Grosbeaks, hummingbirds arrive
Another week, another wave of migrating birds through the region.
This was one that many area residents await with great anticipation in spring — the return of Baltimore orioles, rose-breasted grosbeaks and ruby-throated hummingbirds to the area. If you don’t have the feeders up already, it’s time to get those orange halves out there and cook up a batch of nectar for the smallest of our avian species.
I say cook, because making your own nectar is cheaper than buying it and doesn’t have the addition of red dyes that most commercial products seem compelled to include as a supposed attractant to hummingbirds.
Some manufacturers contend there’s no real evidence the dye has any adverse effect on the hummingbirds. For awhile, we used a bottled variety that had color taken from a type of beetle, because it also touted being boosted with minerals, especially calcium for building eggshells.
I’m not going to wade into the debate here. I’m just going to point out the traffic at the feeder didn’t slow down when we switched to homemade, colorless nectar. That can be made in smaller batches, too, to better avoid the risk of it going bad before being used.
We use a very basic formula — a cup of sugar added to 4 cups of water, then brought to a boil — but readers are invited to share if they have a better recipe. We also don’t make a separate sugar water concoction for the orioles; they seem to prefer the oranges and grape jelly, anyway, and I’ve seen them just tap the hummingbird feeder when seeking nectar.
Away from the backyards, common loons are back at most area lakes, and some of the waterfowl, such as Canada geese and mallard ducks, already may be nesting. Same with sandhill cranes.
So what’s left to watch for in the region? A major pulse out of Illinois indicates the migration continues, so a fair number of warblers, vireos and thrushes probably still are making their way here. The nighthawks have yet to arrive as well.
But perhaps the major one to still watch for at feeders would be indigo buntings, which have shown up in good numbers in Wisconsin but in checking the lists have not yet been reported in the U.P. this spring. At our place, indigo buntings can be hit-and-miss from year to year, so it could be possible it’s back, just not in my backyard.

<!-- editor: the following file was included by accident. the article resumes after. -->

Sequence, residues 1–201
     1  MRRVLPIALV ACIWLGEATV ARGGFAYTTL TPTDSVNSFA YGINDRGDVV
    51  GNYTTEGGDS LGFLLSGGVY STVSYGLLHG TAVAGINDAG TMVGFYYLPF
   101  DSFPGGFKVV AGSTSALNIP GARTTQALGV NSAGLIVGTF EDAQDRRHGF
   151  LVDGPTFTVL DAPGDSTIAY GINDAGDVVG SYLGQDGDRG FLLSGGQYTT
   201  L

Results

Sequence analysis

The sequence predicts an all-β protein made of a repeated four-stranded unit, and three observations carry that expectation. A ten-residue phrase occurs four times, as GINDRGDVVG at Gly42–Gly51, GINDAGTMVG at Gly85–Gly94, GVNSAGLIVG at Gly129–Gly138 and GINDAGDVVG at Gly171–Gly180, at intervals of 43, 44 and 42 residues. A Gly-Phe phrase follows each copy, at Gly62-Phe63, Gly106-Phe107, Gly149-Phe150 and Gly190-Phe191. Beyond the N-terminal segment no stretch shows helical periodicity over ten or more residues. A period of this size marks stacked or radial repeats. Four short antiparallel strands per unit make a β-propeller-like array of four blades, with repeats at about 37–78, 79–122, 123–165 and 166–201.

Though these deep blue birds look like a type of finch, they actually are classified in the same family as cardinals and tanagers — as are the rose-breasted grosbeaks, which despite sharing a name are not considered close kin to the other native grosbeaks in the U.P., the evening and pine.
Staying with the same family, scarlet tanagers likely have returned to the North Woods as well but often can be difficult to spot despite being so boldly colored, with vivid red bodies and black wings and tails. The green-yellow females can be even harder to discern among the treetops. But occasionally they will decide to try a feeder, providing a rare open view of a bird that seems more decked out for the tropics. Indeed, this species spends the winters in northern an western South America, according to the Cornell Lab of Ornithology.
The all-red summer tanagers, more common in the southern and southeastern U.S., also will regularly stray into the U.P., with one photographed in Houghton County earlier this month, though it was a yellow female. Several have appeared in Wisconsin.
But the tanager that showed up at a feeder in the Kingsford area — well, that one was well off course.
“I had not ever seen one before,” said the woman who looked out her kitchen window to see, perched on a suet cage, a bright yellow and black bird with a face of flaming red-orange.
Though not a regular “birder,” she knew enough to get a photo with her cell phone — not the best shot but clear enough for a friend to identify it as a male western tanager.
As the name implies, the western tanager tends to stick to the western United States and Canada during the summer. Even when migrating, it usually doesn’t range beyond western Nebraska and the Dakotas.
And when it does stray, it’s usually during fall migration, when the males will take on more subdued plumage. This one was in full breeding glory.
It only stayed for a day, she said. Still, the woman asked her name not be used — she fears an influx of birders looking for what would be a rarity here.
But she was willing to share her photo, so I have done the same.
Other spring notes: The reptiles — turtles and snakes — are active again, the ticks sound like they are thick out there in what could be a nasty summer for the parasite and the deer are dispersing, though the does for now appear to still tolerate the yearling fawns.
Betsy Bloom can be reached at 906-774-2772, ext. 40, or firstname.lastname@example.org.